The Cat that Isn’t: Loneliness in an Ageing Population

Alan is the cat that isn’t. In fact, he is one of many cats that aren’t. He is a robot cat that is part of Hasbro’s new Joy for All Range (buy here).
These cats have been specifically designed as a companion pet for the elderly. Jim McGuckin, living in Lake Park – a care home for the elderly – was introduced to Alan by the journalist who named him. Jim found that Alan felt like a real cat to the extent he could ‘feel the movements inside’.

The robocat is designed to mimic a real cat without any of the care needed by the real thing. The cat is soft and fluffy, purrs and miaows. Although not entirely convincing the journalist claims that when you turn the cat on ‘you instinctively say hello!’. Through a variety of sensors the robocat interacts with the human. The lack of predictable reactions making it more realistic. This robocat is more than just a pet for those not allowed or without the capability to look after the real thing. Robocat is a much needed companion to the elderly generation in our ageing population.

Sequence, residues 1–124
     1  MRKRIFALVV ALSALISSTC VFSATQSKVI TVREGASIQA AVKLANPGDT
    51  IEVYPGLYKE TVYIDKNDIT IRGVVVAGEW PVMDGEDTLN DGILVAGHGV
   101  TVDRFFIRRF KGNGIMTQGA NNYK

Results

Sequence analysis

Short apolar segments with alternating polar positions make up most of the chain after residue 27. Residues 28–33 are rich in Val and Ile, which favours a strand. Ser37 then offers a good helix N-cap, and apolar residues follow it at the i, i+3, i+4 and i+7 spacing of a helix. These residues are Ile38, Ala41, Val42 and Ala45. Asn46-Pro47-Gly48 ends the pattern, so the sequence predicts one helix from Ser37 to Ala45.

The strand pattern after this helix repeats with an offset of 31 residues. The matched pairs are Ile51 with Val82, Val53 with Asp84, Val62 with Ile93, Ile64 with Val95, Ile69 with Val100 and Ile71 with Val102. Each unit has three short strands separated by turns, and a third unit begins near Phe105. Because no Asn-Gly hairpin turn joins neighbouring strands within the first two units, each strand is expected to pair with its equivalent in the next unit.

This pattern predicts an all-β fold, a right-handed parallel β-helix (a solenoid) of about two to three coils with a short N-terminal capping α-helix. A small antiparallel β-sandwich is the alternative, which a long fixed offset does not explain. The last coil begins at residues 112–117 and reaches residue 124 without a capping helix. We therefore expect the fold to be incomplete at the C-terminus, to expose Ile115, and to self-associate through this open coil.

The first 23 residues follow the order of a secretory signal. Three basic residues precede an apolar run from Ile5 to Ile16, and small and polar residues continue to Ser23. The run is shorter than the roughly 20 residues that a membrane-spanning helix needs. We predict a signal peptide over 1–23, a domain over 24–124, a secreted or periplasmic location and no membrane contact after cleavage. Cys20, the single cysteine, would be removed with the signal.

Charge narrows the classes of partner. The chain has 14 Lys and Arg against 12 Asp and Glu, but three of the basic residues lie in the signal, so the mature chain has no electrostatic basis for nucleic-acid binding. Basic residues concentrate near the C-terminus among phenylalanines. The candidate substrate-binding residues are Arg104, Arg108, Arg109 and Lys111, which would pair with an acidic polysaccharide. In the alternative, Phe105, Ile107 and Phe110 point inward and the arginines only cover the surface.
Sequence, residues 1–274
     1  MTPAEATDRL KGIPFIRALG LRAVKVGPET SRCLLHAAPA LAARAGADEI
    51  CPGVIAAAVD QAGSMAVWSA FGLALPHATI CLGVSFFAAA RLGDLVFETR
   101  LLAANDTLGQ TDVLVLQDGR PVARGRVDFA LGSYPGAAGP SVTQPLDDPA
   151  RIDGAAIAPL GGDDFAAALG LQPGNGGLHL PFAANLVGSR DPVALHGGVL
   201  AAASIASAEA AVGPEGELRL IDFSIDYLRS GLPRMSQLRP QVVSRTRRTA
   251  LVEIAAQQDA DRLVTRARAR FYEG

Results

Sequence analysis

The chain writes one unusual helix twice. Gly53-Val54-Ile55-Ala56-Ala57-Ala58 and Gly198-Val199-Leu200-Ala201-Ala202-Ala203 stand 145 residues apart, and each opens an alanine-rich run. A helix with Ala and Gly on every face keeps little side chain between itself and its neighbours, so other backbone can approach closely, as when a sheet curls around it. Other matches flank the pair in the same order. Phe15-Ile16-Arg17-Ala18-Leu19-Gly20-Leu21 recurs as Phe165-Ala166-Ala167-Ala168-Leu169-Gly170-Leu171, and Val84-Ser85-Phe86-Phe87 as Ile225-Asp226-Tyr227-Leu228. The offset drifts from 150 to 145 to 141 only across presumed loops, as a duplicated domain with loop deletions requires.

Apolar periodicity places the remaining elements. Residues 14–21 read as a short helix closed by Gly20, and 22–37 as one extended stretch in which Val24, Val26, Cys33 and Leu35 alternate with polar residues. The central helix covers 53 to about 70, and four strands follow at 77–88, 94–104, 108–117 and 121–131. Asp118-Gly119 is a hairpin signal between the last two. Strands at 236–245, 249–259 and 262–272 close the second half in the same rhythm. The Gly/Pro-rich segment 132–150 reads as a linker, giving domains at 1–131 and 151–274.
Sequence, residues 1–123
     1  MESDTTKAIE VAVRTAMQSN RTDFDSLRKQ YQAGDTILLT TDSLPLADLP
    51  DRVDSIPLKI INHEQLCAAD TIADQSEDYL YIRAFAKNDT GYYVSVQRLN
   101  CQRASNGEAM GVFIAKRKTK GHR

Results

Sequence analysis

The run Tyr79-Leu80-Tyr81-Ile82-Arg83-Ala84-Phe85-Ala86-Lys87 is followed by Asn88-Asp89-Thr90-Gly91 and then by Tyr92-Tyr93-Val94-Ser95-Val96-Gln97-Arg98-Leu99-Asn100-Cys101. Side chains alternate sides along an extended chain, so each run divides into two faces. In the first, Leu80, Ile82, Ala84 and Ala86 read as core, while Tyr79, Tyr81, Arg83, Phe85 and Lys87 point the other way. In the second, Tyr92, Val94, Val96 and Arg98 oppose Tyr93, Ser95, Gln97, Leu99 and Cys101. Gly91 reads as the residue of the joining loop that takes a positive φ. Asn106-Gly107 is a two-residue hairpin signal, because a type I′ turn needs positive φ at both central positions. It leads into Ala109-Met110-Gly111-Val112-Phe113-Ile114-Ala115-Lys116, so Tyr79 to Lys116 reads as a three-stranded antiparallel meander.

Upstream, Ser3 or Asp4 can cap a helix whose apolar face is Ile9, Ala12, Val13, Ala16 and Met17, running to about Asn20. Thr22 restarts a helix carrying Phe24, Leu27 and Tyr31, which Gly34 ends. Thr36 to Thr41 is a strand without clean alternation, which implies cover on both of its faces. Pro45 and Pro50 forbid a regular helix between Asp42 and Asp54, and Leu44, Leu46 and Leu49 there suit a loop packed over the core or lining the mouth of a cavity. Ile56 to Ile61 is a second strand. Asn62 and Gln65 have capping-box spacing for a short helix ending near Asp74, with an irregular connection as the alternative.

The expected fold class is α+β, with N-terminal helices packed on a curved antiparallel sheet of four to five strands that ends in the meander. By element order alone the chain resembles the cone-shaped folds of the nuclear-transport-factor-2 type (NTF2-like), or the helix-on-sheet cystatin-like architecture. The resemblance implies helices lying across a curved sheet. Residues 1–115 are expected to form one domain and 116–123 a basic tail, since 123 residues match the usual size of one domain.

Research suggests that robotic pets can help those suffering from Alzheimers or dementia. Paro, a robotic seal designed by a Japanese company, is already in use as a companion pet used internationally including the British NHS. Where therapy animals can only be used for a finite amount of time during the day, a robot companion pet can be there full time. For those experiencing 24 hour care it can be empowering to have something to look after, it provides a much needed sense of independence and company.

One great accomplishment of the 21st century is our increased life expectancy. Unfortunately government findings suggest this will start causing problems due to an ageing population. The Office of National Statistics found that in mid-2014 the UK population reached it’s oldest age with the median age being 40 years (for more click here). An ever older population necessitates an increase in health provision to match, hence the need for a robot menagery. What really concerns me is that the current solution to an ageing population and loneliness the provision of robot animals. Why are robots the go-to solution? Why aren’t we replacing the need for human contact with precisely that? In our technologically advanced world I worry about this lack of face-to-face human contact. Surely the solution is to provide better social networks and social capital for the ageing population. To my mind the solution is not leaving the elderly as they are with the addition of a robot animal that can miaow on occasion. Until Alan and his fellow feline robots become mainstream I shall just be thankful that something is being done.

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